The programme is being delivered in three phases, and each is a gateway to the next phase:

Expressions of interest

All councils across Aotearoa with walking and cycling improvements already included in the current Regional Land Transport Plans (RLTPs) were invited to apply to participate in the Streets for People programme. Thirty councils expressed their interest in participating in the programme.

Funding the Foundations (April – July 2022)

In this phase, Waka Kotahi worked with the councils to build internal capability and ensure organisational readiness, willingness and processes that will enable them to implement projects using adaptive urbanism. Councils also developed an overview of their proposed projects and established project objectives, their approach to community engagement and the processes and resources they would use to support delivery.

Funding the Projects (September 2022 to June 2024)

In this phase, councils are working alongside their community to design street changes that meet the objectives they set out in Funding the Foundations. These designs are then installed and adapted based on community feedback, informing future permanent changes to the street. Ongoing national support for project planning, design, community engagement, implementation and monitoring and evaluation is being provided by Waka Kotahi.

All projects will be completed by June 2024.

Other programmes

People spray painting geometric patterns on a pedestrian pathway using stencils.

People use stencils to spray paint patterns on a footpath during Auckland Council’s Maximising Māngere Innovating Streets for People project. (Credit: Auckland Council)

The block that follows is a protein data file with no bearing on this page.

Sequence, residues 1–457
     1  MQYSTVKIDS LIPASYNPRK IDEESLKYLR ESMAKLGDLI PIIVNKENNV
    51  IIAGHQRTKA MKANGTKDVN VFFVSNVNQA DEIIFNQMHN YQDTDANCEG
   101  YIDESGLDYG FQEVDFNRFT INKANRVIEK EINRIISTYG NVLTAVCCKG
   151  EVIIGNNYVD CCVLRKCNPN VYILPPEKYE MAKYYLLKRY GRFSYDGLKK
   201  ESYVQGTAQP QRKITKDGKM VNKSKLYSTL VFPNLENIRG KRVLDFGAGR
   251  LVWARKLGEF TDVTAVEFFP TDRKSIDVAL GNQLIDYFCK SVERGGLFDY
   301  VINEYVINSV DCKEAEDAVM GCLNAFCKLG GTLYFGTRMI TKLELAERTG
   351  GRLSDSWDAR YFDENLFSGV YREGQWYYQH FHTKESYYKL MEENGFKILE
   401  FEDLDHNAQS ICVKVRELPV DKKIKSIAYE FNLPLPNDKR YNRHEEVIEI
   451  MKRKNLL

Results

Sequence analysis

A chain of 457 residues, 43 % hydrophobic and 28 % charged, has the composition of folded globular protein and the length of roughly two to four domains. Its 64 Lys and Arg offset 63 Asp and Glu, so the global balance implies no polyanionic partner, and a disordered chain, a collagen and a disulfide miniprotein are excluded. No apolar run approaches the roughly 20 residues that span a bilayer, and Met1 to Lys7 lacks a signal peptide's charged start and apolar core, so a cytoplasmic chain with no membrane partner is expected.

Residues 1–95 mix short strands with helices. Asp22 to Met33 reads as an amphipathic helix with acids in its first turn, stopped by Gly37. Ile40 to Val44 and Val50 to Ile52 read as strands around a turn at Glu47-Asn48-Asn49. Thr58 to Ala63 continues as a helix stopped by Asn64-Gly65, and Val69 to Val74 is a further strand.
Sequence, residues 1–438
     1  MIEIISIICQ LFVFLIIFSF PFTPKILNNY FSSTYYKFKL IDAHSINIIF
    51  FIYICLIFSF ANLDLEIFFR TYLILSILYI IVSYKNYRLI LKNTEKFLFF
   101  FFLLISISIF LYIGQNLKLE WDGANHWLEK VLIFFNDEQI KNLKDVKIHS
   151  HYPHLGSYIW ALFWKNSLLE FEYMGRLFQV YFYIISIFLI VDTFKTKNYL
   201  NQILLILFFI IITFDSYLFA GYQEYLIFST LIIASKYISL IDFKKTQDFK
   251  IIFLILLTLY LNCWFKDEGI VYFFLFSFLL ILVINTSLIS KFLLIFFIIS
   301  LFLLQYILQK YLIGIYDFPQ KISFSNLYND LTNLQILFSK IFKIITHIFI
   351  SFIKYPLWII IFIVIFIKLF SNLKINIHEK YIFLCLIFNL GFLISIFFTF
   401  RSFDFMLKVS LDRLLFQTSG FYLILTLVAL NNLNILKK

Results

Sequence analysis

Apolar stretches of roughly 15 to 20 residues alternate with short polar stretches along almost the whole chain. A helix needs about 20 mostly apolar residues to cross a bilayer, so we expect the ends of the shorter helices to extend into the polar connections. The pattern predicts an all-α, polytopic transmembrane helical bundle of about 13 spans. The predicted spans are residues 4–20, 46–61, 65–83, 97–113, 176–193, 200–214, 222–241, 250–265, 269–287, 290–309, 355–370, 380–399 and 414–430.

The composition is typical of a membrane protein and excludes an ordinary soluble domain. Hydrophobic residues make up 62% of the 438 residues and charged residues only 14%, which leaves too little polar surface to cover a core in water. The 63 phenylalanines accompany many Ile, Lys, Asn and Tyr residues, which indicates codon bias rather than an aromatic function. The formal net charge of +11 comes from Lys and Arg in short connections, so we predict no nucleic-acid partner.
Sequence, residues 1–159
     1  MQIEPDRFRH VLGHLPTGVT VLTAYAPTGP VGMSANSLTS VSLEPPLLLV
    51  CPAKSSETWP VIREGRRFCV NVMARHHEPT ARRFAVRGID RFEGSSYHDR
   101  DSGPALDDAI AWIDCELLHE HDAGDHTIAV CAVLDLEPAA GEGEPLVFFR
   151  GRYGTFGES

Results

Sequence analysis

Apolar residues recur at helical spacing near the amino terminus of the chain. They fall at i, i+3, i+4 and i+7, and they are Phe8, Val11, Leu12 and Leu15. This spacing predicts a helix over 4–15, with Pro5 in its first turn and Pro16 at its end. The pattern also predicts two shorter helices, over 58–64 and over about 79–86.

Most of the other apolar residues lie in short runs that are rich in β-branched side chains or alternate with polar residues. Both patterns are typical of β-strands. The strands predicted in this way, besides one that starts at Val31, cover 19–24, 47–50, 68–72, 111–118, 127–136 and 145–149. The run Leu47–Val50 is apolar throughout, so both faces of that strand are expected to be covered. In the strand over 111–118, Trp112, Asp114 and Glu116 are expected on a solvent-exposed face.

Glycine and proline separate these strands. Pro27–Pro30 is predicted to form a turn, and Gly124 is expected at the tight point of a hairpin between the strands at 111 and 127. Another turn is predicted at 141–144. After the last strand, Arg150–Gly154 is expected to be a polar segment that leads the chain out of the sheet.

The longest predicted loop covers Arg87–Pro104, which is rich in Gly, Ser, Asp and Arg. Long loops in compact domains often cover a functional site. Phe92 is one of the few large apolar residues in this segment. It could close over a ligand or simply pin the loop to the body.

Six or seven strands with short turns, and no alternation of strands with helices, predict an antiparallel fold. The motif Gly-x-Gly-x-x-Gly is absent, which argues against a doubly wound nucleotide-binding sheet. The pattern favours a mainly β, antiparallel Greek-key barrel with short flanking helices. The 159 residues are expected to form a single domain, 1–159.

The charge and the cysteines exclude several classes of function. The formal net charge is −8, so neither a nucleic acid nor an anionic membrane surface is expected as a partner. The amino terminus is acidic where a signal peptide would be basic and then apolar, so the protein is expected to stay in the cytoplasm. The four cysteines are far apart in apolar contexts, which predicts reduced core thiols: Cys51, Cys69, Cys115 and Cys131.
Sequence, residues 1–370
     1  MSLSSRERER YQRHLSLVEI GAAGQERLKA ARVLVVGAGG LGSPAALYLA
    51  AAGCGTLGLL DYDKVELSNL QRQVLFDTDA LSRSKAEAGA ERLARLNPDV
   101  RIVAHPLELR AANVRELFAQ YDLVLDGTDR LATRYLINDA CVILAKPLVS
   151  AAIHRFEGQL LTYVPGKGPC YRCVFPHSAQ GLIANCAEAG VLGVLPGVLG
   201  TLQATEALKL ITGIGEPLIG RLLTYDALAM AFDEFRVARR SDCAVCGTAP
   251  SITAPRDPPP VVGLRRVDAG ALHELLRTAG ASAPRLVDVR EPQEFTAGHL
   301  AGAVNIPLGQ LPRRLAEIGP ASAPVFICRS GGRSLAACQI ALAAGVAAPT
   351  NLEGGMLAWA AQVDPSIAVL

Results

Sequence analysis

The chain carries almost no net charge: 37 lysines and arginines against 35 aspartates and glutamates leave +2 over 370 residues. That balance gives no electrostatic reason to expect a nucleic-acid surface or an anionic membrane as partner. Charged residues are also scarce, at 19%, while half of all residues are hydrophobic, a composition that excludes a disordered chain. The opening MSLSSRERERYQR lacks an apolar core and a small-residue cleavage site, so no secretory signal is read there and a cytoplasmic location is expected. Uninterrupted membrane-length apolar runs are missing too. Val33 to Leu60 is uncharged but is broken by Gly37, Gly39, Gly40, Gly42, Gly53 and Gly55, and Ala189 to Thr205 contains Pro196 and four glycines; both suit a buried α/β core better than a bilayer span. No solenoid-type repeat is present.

The Streets for People programme is built on learnings from Innovating Streets for People which took place from 2019 until 2021. In this programme, councils and community groups across Aotearoa delivered 89km of street changes in 32 towns and cities through adaptive urbanism. These trial changes included cycleways, parklets, low traffic streets, community spaces, and safer school crossings.

Innovating Streets for People 2019–2021

Many of the councils in the Streets for People programme have also received funding from Waka Kotahi to deliver Transport Choices projects.

Transport Choices

The projects in Streets for People are designed to do different things than Transport Choices, but with similar outputs. Both programmes are working to make it safer, easier, and more attractive to walk, ride bikes or scooters and take public transport, and are aligned with the Emissions Reduction Plan. Transport Choices is designed to build climate friendly infrastructure quickly, whereas Streets for People is trialling a new way of delivering projects focused on testing and adapting projects based on community feedback.  

Waka Kotahi is also leading a programme of work to support the transition to a low emissions transport system in Aotearoa New Zealand. Our vehicle kilometres travelled (VKT) reduction programme is a significant part of this journey. Streets for People provides a testing ground for smaller active travel projects that contribute to a reduction in transport emissions.

VKT reduction programme

Streets for People frequently asked questions [PDF, 447 KB]